Why Are My Potassium Levels so Low?

The amount of potassium you eat every day matters. I found this out firsthand after a routine blood test revealed I was deficient. When my doctor told me, he said that low potassium levels like mine are increasingly common in people as they age.

 

Symptoms of low potassium

He went on to list some of the symptoms of low potassium: muscle cramps, an irregular heartbeat, high blood pressure, fatigue, confusion, and more. To prevent these potentially dangerous symptoms from developing, I needed to add more potassium to my diet.
The obvious answer was to eat more potassium-rich foods, but I knew that eating boring, healthy foods I didn’t like, simply because I was supposed to, was a recipe for failure. Instead, I decided to look at my new health problem as if it was a mystery, and I was the detective assigned to the case.

 

Good sources of potassium

I started my investigation by searching for foods that are good sources of potassium. After all, if I could find a handful of palatable options, as opposed to just one (Bananas every day, forever? Yuck!), I’d be more likely to change my diet for good.
I quickly realized that lots of foods are rich in potassium, including meats, fish, fruits, vegetables, milk, yogurt, soy products, and more. After learning this, I was confused. With so many foods containing potassium, why in the world was I deficient?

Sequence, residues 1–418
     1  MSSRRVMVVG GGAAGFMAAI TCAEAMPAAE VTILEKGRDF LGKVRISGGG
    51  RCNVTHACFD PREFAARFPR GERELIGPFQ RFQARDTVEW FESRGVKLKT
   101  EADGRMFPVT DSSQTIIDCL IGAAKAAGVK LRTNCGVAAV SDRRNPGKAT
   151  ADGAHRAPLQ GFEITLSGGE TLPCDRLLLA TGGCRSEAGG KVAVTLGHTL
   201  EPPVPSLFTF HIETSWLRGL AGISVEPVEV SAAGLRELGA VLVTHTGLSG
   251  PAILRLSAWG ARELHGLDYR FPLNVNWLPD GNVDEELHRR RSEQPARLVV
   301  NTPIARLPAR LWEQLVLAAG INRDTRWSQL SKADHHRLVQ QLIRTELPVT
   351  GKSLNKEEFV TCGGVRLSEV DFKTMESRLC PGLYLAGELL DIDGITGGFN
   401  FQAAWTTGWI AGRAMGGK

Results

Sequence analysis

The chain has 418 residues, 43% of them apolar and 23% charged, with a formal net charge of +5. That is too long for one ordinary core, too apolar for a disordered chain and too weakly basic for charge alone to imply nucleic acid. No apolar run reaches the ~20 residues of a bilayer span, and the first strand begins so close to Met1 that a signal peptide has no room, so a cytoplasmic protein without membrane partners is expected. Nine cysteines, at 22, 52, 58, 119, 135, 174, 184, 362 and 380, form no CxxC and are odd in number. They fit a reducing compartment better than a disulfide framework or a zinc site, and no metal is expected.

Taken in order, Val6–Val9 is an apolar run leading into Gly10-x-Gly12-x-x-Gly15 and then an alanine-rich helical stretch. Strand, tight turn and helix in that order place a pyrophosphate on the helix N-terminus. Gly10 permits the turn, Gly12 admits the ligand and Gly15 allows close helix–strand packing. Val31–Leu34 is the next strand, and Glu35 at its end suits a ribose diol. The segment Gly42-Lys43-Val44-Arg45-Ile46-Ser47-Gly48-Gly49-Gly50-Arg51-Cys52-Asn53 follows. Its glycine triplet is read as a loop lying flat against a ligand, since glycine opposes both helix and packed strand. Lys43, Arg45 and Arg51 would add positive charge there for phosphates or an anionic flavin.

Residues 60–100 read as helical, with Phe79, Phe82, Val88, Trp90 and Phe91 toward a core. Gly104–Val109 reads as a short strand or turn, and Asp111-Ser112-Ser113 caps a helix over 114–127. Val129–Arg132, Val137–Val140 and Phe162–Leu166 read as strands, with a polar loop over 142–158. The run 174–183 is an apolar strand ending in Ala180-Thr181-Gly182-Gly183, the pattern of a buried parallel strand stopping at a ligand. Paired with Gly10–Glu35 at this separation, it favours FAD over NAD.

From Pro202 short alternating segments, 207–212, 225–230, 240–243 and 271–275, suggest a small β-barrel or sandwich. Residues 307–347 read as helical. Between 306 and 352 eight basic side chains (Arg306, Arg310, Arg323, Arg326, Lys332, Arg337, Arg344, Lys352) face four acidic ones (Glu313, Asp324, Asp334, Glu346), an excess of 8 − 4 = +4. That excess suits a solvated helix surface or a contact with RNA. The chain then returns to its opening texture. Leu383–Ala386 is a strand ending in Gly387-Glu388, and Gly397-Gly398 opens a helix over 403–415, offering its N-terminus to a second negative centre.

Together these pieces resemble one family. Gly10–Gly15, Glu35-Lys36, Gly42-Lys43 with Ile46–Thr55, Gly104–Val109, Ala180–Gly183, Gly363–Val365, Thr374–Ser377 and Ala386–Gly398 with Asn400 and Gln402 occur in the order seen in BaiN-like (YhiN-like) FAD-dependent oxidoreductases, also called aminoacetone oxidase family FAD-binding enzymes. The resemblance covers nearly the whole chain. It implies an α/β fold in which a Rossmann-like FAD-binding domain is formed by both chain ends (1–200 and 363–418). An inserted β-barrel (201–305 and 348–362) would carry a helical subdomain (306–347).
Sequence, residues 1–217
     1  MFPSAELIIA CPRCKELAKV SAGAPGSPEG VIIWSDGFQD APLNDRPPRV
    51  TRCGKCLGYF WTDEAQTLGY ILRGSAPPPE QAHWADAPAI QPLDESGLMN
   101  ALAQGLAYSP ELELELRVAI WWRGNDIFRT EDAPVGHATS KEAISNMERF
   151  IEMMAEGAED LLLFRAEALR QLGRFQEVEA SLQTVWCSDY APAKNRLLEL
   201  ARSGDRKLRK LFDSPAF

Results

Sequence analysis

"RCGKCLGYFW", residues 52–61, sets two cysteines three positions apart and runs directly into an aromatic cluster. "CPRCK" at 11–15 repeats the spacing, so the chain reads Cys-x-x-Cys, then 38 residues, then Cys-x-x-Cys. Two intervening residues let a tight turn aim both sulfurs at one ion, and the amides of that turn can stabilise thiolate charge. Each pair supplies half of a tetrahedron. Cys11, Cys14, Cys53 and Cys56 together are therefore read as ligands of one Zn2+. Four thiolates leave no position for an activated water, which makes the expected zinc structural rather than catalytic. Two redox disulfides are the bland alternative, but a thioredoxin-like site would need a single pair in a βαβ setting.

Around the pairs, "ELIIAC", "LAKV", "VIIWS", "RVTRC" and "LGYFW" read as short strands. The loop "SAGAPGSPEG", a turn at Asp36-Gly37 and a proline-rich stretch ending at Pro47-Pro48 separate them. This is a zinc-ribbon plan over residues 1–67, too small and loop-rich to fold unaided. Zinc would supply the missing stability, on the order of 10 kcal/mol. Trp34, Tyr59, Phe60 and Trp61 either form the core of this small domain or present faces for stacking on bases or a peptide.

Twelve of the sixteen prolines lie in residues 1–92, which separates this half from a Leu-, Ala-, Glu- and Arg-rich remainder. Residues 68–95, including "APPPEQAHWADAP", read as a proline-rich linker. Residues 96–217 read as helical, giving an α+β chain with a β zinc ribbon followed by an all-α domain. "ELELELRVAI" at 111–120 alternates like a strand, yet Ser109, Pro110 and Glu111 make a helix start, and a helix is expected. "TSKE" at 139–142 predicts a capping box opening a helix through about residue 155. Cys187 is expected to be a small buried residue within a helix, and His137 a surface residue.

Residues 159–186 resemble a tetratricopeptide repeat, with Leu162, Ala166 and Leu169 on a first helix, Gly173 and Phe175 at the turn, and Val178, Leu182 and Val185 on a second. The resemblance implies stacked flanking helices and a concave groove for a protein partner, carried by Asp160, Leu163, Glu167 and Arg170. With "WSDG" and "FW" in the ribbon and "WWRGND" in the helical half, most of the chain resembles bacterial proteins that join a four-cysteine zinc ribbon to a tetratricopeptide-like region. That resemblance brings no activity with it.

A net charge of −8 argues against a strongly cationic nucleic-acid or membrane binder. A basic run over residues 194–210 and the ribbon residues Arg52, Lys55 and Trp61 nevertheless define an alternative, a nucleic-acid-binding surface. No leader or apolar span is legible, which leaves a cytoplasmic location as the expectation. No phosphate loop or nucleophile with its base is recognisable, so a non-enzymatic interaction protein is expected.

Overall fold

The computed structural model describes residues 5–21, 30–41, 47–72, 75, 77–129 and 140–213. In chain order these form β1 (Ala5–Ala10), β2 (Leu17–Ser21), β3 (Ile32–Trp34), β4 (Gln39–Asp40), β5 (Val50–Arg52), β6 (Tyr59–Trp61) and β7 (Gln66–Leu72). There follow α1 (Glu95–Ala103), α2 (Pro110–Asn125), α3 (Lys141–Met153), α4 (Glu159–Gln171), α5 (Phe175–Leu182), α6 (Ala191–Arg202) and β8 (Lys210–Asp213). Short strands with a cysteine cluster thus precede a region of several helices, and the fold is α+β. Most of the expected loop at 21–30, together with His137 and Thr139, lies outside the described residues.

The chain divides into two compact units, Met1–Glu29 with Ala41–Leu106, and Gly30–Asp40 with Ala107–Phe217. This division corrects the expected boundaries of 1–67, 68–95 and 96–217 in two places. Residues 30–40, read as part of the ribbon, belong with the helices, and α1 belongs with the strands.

Low potassium and high sodium

Next, I searched for low-potassium foods, and I found that nearly all processed, pre-packaged foods fall into this category. Even worse, they’re full of sodium, too. According to the Centers for Disease Control and Prevention, a diet that’s both low in potassium and high in sodium can significantly increase the risk of high blood pressure, heart attack, and even death.
Until that moment, I never thought of my diet as all that unhealthy. Sure, I leaned on convenience foods to get by — but they were healthy convenience foods. Microwaving a frozen dinner, one that was marketed as healthy, was much easier than cooking from scratch after a long day at work.

 

Motivation to change

But now, armed with the knowledge I’d uncovered, I knew exactly why my potassium levels were low. I was also ready to ditch the frozen dinners that got me there. Increasing my potassium intake was important, but reducing my risk for much, much worse? Now that was all the motivation I needed to change my diet for the better — and maintain it for good.

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